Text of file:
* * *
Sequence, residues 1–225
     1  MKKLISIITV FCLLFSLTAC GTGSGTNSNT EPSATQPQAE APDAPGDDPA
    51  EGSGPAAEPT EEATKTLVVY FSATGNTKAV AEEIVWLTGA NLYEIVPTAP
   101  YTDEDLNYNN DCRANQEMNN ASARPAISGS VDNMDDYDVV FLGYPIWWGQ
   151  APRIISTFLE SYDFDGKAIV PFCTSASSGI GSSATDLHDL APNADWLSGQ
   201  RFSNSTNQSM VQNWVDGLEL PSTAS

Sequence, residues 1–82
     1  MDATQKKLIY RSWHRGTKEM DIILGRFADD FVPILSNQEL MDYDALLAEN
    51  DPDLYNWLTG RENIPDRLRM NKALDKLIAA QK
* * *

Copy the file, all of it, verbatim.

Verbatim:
Sequence, residues 1–225
     1  MKKLISIITV FCLLFSLTAC GTGSGTNSNT EPSATQPQAE APDAPGDDPA
    51  EGSGPAAEPT EEATKTLVVY FSATGNTKAV AEEIVWLTGA NLYEIVPTAP
   101  YTDEDLNYNN DCRANQEMNN ASARPAISGS VDNMDDYDVV FLGYPIWWGQ
   151  APRIISTFLE SYDFDGKAIV PFCTSASSGI GSSATDLHDL APNADWLSGQ
   201  RFSNSTNQSM VQNWVDGLEL PSTAS

Sequence, residues 1–82
     1  MDATQKKLIY RSWHRGTKEM DIILGRFADD FVPILSNQEL MDYDALLAEN
    51  DPDLYNWLTG RENIPDRLRM NKALDKLIAA QK